The Global Fund to Fight AIDS, Tuberculosis and Malaria announced new results today that show significant gains in the treatment of people living with HIV and in the prevention of mother-to-child transmission of the virus.
The results show that 5.3 million people living with HIV are receiving antiretroviral therapy under programs supported by the Global Fund, as of 1 July 2013, up from 4.2 million at the end of 2012. The results also show a 21 percent increase in the number of women treated to prevent mother-to-child transmission of HIV, in the first half of 2013. The number of cases of malaria treated grew by 13 percent in the same half-year.
“These results show that we can have a transformative effect on these diseases, by working together,” said Mark Dybul, Executive Director of the Global Fund. “More people affected by HIV today can go to work, send their children to school and lead healthy lives thanks to the hard work of all our partners.”
The increase of 1.1 million people on ARV therapy since late 2012 reflected a significant improvement in the quality of grant management in Nigeria and Malawi, enabling these two countries to fulfill all stringent criteria for inclusion of their national data in the Global Fund’s aggregated results. Zimbabwe also contributed, by significantly raising coverage of ARVs for new patients, to 11 percent of the increase.
In the first half of 2013, the number of pregnant women living with HIV who have received a complete course of ARV therapy to prevent transmission to their unborn children under programs supported by the Global Fund grew to 2.1 million from 1.7 million. Four countries accounted for 65 percent of the increase from the end of 2012: Mozambique (28 percent), Zambia (15 percent), Tanzania (12 percent) and Zimbabwe (10 percent). In these countries, efforts in the prevention of mother-to-child transmission have accelerated sharply over the last year.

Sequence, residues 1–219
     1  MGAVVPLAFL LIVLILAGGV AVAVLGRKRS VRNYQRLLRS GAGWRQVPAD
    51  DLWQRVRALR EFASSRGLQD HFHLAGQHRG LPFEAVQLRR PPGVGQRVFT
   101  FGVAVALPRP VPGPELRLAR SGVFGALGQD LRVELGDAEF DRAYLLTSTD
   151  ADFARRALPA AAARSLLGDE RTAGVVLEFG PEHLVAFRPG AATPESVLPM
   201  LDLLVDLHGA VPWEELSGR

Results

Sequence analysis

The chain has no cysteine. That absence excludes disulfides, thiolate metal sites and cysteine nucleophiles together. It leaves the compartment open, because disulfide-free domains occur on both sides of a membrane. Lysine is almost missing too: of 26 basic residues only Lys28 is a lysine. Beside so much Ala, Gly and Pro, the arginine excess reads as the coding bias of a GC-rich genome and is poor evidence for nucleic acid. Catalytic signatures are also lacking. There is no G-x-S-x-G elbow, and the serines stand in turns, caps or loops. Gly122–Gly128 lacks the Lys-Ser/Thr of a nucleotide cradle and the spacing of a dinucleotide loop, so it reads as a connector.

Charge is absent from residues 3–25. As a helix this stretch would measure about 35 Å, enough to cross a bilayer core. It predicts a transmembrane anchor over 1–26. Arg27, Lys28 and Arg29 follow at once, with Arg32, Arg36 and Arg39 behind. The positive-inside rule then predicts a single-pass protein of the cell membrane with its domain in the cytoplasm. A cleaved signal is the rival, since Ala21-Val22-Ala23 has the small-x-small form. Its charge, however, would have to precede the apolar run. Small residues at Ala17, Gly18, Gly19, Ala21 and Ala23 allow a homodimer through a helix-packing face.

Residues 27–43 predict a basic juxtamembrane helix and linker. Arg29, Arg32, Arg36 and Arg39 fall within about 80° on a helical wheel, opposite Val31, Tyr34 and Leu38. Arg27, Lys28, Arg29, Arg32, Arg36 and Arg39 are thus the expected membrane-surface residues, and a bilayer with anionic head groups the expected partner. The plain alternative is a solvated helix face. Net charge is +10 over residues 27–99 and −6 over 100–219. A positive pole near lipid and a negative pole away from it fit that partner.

Big strides have also been made in the fight against malaria, with 30 million insecticide-treated nets distributed in the first half of 2013 under programs supported by the Global Fund, taking the total number of nets distributed to 340 million. The number of cases of malaria treated rose to 330 million, a 13 percent increase.
Global Fund-supported TB programs also continued to expand. Global Fund financing has cumulatively supported detection and treatment of 11 million smear-positive cases of TB, up from 9.7 million at the end of 2012. The number of people treated for multidrug-resistant TB grew to 88,000 from 69,000 through Global-Fund supported programs. The World Health Organization reported that 56,000 cases were enrolled in treatment of multidrug-resistant TB globally in 2011, of which Global Fund-supported programs accounted for about 22 percent. India drove the leap forward, accounting for about 60 percent of the increase at the end of 2012.
The Global Fund was created in 2002 to dramatically increase resources for the fight against the three pandemics. Today it supports programs in more than 140 countries. Together with the U.S. President's Emergency Plan for AIDS Relief (PEPFAR), the Global Fund is one of the leading international financial supporters for HIV prevention and treatment.
Through innovative partnerships with governments, civil society, UN agencies, private sectors, and key affected communities, the Global Fund has proven an effective vehicle that brings together collaborative efforts to contribute in fighting the three diseases.
The Global Fund will convene a once-every-three-years pledging conference, known as the Global Fund's Fourth Replenishment, in late 2013.